Over more than thirty years of reform and opening, the Chinese Communist Party has pursued the gradual marketization of China’s economy alongside the preservation of a resiliently authoritarian political system, defying long-standing predictions that ‘transition’ to a market economy would catalyse deeper political transformation. In an era of deepening synergy between authoritarian politics and finance capitalism, Communists constructing capitalism offers a novel and important perspective on this central dilemma of contemporary Chinese development. This book challenges existing state–market paradigms of political economy and reveals the Eurocentric assumptions of liberal scepticism towards Chinese authoritarian resilience. It works with an alternative conceptual vocabulary for analysing the political economy of financial development as both the management and exploitation of socio-economic uncertainty. Drawing upon extensive fieldwork and over sixty interviews with policymakers, bankers, and former party and state officials, the book delves into the role of China’s state-owned banking system since 1989. It shows how political control over capital has been central to China’s experience of capitalist development, enabling both rapid economic growth whilst preserving macroeconomic and political stability. Communists constructing capitalism will be of academic interest to scholars and graduate students in the fields of Chinese studies, social studies of finance, and international and comparative political economy. Beyond academia, it will be essential reading for anyone interested in the evolution of Chinese capitalism and its implications for an increasingly central issue in contemporary global politics: the financial foundations of illiberal capitalism.
Karl Polanyi (1886–1964) returned to public discourse in the 1990s, when the Soviet Union imploded and globalization erupted. Best known for The Great Transformation, Polanyi’s wide-ranging thought anticipated twenty-first-century civilizational challenges of ecological collapse, social disintegration and international conflict, and warned that the unbridled domination of market capitalism would engender nationalist protective counter-movements. In Karl Polanyi and Twenty-First-Century Capitalism, Radhika Desai and Kari Polanyi Levitt bring together prominent and new thinkers in the field to extend the boundaries of our understanding of Polanyi's life and work. Kari Polanyi Levitt's opening essay situates Polanyi in the past century shaped by Keynes and Hayek, and explores how and why his ideas may shape the twenty-first century. Her analysis of his Bennington Lectures, which pre-dated and anticipated The Great Transformation, demonstrates how Central European his thought and chief concerns were. The next several contributions clarify, for the first time in Polanyi scholarship, the meaning of money as a fictitious commodity. Other contributions resolve difficulties in understanding the building blocks of Polanyi's thought: fictitious commodities, the double movement, the United States' exceptional development, the reality of society and socialism as freedom in a complex society. The volume culminates in explorations of how Polanyi has influenced, and can be used to develop, ideas in a number of fields, whether income inequality, world-systems theory or comparative political economy. Contributors: Fred Block, Michael Brie, Radhika Desai, Michael Hudson, Hannes Lacher, Kari Polanyi Levitt, Chikako Nakayama, Jamie Peck, Abraham Rotstein, Margaret Somers, Claus Thomasberger, Oscar Ugarteche Galarza.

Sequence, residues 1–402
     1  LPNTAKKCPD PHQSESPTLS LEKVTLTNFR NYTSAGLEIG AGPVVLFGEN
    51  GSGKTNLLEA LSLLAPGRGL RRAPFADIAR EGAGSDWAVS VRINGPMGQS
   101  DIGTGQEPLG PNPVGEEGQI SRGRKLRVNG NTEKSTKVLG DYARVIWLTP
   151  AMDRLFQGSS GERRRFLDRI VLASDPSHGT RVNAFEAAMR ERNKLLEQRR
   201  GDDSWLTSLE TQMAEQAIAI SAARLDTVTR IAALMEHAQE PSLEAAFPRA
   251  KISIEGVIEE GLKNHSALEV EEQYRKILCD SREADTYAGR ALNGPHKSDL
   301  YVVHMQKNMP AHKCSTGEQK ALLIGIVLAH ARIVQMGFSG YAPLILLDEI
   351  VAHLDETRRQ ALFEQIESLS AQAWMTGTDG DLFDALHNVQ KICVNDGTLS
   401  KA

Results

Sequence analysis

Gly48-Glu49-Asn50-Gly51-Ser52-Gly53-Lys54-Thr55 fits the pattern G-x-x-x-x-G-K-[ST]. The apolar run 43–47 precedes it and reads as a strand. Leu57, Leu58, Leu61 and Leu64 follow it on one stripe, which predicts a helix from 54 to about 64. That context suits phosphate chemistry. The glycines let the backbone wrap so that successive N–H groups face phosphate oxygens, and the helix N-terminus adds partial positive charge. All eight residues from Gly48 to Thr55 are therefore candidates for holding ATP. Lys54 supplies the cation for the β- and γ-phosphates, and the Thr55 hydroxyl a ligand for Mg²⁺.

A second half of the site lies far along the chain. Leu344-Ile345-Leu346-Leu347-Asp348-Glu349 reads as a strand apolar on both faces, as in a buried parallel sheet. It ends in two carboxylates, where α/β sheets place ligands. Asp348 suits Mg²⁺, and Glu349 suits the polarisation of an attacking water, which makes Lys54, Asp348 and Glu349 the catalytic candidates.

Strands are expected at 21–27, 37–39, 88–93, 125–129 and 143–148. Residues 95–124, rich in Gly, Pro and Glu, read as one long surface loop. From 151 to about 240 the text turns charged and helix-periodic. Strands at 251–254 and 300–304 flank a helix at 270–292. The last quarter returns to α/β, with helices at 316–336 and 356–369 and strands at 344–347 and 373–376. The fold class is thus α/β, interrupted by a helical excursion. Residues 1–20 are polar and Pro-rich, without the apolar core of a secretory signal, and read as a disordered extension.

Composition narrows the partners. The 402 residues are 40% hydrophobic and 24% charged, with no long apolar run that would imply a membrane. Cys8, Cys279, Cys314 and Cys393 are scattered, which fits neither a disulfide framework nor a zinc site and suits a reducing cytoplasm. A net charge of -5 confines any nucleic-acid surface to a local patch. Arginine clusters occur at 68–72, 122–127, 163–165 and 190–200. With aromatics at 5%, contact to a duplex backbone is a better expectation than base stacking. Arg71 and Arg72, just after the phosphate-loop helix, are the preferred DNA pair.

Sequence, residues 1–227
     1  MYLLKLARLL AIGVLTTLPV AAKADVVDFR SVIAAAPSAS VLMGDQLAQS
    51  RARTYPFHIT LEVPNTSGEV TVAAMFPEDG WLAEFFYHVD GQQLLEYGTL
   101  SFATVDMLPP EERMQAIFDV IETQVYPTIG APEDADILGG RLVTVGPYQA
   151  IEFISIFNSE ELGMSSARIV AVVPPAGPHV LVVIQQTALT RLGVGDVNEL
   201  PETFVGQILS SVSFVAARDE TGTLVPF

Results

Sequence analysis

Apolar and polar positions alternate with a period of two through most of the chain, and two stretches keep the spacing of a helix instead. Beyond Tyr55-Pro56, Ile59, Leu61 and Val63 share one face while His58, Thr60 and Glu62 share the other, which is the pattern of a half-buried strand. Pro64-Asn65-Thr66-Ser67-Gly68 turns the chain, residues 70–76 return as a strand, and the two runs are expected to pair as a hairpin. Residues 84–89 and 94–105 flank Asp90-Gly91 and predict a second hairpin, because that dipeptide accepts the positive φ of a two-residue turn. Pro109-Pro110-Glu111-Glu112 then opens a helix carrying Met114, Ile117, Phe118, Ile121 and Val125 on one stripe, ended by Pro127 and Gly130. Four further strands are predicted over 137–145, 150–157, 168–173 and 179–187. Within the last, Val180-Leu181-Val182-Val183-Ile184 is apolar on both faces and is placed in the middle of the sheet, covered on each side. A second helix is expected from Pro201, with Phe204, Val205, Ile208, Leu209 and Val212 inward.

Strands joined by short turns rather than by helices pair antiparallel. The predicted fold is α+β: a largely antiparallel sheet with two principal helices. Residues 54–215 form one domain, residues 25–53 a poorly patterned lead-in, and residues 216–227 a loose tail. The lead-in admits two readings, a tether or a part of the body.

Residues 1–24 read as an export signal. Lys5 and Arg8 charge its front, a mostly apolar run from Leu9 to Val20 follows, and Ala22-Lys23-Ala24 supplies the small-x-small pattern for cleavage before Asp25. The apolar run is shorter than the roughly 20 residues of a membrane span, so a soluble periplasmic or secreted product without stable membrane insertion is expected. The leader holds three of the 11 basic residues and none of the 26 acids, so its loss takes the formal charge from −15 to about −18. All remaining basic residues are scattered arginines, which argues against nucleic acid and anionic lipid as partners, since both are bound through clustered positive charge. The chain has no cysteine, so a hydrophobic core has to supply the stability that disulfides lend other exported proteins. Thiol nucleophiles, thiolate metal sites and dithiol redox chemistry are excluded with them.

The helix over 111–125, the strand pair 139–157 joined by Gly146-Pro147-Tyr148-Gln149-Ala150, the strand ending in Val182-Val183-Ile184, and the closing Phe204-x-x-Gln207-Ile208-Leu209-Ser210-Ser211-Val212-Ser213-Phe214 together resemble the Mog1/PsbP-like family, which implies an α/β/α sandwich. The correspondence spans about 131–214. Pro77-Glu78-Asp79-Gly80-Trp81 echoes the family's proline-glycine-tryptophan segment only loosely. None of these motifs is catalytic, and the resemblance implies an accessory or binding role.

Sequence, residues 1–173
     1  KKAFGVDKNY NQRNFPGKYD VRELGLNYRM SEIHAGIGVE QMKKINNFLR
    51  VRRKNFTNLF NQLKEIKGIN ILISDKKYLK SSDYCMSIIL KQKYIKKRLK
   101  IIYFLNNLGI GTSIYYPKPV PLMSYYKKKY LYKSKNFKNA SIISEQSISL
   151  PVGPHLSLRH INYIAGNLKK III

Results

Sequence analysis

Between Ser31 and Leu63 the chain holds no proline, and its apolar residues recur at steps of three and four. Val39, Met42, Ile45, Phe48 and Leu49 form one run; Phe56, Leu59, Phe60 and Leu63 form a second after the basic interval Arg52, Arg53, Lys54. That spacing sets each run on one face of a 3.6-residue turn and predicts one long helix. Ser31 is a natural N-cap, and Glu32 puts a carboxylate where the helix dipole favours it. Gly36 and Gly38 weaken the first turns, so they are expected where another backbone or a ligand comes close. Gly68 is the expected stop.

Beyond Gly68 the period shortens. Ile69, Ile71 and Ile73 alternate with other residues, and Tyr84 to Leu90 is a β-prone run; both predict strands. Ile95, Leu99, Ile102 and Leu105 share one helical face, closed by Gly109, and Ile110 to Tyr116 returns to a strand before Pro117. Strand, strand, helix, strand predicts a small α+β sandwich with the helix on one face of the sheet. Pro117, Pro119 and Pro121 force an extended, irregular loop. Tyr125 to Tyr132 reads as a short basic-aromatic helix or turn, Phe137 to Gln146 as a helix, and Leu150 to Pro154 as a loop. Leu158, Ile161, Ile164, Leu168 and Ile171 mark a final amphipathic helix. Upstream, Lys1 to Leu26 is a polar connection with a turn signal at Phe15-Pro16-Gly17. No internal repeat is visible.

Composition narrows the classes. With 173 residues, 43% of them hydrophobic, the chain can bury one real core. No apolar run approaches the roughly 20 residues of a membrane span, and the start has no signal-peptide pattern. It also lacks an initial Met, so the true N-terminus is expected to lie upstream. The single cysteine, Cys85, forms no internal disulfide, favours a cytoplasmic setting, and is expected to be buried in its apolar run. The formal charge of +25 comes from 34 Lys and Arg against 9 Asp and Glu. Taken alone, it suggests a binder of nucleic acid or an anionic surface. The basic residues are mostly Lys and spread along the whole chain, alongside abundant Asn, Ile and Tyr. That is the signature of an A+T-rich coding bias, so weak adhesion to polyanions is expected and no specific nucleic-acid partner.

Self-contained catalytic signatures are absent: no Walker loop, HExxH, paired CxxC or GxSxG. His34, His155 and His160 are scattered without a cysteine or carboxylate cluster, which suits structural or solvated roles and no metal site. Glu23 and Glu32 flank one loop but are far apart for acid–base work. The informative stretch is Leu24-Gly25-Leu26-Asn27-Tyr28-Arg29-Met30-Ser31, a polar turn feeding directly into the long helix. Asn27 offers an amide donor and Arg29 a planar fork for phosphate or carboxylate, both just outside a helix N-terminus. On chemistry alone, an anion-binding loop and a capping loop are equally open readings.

financial oligarchies as the new dance masters of financialcapitalism, providing new items to speculate with, trophies to showcase, playgrounds to play in and laundries in which to art-wash tarnished reputations. And yet, the circulation of art is far from being entirely subdued, because what appears like a playground when viewed from the top, is a social factory when seen from the ground, manned by precarious creatives and maintained by the unremunerated and unrecognised labour of artistic → dark matter , a hotbed of art-activism and occupy movements. The vast majority
higher education in ‘Sydni’ depicts education as fundamentally an economic value proposition, moving the commercial beyond earlier discourses of opportunity, community uplift and inclusion, into the picture of financializedcapitalism. Instead, ‘Sydni’ and the UNCF's revised slogan represent education as a speculative transaction wherein present investment either pays out or is paid back, later, and entrepreneurial students pursue college as a hedge against declining labour market outcomes. What is learned in university classrooms, much as what is produced in